Bharat Ratna (Jewel of India) is the highest civilian award of the Republic of India. Instituted on 2 January 1954, the award is conferred “in recognition of exceptional service/performance of the highest order”, without distinction of race, occupation, position, or sex. The award was originally limited to achievements in the arts, literature, science and public services but the government expanded the criteria to include “any field of human endeavour” in December 2011.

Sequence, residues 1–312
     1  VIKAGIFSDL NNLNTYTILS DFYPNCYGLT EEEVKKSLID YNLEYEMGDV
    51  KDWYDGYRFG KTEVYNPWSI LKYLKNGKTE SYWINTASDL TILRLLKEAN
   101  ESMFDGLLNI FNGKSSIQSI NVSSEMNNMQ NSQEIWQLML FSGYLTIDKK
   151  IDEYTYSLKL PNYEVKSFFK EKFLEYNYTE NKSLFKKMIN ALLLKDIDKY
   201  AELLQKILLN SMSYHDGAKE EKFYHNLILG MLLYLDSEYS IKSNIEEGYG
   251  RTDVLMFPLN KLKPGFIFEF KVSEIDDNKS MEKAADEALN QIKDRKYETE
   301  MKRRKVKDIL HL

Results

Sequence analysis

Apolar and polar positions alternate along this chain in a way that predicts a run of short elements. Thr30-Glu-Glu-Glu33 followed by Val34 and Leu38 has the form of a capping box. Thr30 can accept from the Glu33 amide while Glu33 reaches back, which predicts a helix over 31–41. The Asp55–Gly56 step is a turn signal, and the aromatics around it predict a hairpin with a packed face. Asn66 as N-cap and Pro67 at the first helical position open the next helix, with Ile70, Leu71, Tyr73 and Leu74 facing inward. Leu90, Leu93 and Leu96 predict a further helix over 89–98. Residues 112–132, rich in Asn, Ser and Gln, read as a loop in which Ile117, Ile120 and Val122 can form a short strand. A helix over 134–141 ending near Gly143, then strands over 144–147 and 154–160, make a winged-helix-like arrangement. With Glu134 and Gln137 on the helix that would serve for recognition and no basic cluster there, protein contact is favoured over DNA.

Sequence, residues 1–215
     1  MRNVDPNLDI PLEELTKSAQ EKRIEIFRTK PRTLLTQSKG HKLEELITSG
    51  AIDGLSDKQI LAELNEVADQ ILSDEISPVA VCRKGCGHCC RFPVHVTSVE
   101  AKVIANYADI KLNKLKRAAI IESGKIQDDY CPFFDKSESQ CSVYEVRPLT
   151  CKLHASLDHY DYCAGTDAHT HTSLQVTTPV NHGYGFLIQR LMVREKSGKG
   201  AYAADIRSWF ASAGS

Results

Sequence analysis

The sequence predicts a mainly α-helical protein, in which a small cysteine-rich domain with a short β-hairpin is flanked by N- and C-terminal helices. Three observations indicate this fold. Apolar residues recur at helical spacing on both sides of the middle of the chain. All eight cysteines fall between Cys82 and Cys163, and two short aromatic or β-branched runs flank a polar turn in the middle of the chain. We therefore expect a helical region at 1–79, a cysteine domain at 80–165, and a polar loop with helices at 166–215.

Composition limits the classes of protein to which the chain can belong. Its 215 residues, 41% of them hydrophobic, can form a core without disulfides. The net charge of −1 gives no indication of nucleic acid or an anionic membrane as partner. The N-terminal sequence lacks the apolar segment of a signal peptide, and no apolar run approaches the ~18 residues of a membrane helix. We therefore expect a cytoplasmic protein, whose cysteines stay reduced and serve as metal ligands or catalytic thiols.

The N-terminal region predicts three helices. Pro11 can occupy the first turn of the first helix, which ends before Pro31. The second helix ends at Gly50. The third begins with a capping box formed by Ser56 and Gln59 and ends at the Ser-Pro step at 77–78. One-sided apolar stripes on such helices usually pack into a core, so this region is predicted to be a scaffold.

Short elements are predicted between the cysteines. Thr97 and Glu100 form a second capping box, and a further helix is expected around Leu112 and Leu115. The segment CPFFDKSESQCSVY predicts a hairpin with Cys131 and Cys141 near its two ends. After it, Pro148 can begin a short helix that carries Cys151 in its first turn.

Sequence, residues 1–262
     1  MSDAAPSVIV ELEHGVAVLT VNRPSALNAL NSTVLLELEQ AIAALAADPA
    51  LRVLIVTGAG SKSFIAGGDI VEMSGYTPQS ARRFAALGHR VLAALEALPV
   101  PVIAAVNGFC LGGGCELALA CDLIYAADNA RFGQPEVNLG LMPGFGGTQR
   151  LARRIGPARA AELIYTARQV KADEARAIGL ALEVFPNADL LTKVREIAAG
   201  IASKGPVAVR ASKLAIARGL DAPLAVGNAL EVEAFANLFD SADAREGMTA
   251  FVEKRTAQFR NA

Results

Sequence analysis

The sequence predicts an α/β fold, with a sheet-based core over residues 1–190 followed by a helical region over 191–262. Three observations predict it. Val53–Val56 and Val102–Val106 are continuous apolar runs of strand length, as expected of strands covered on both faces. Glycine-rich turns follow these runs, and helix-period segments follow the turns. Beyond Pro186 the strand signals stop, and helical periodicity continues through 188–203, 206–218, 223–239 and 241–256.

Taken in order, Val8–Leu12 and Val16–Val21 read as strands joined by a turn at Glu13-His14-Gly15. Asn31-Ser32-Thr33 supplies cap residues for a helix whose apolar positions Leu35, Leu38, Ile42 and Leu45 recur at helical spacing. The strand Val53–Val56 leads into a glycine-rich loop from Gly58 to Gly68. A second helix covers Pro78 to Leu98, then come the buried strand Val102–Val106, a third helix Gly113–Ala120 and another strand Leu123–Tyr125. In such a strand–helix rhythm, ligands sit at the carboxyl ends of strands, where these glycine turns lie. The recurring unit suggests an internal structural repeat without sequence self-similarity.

The Bharat Ratna, along with other personal civil honours, was briefly suspended from July 1977 to January 1980 during the change in the national government and for a second time from August 1992 to December 1995 when several public-interest litigations challenged the constitutional validity of the awards. In 1992, the government’s decision to confer the award posthumously on Subhash Chandra Bose met with controversy. Due to the debate surrounding Bose’s death, the “posthumous” mention of Bose was much criticised, and his family refused to accept the award. Following a 1997 Supreme Court decision, the press communiqué announcing Bose’s award was cancelled; it is the only time when the award was announced but not conferred.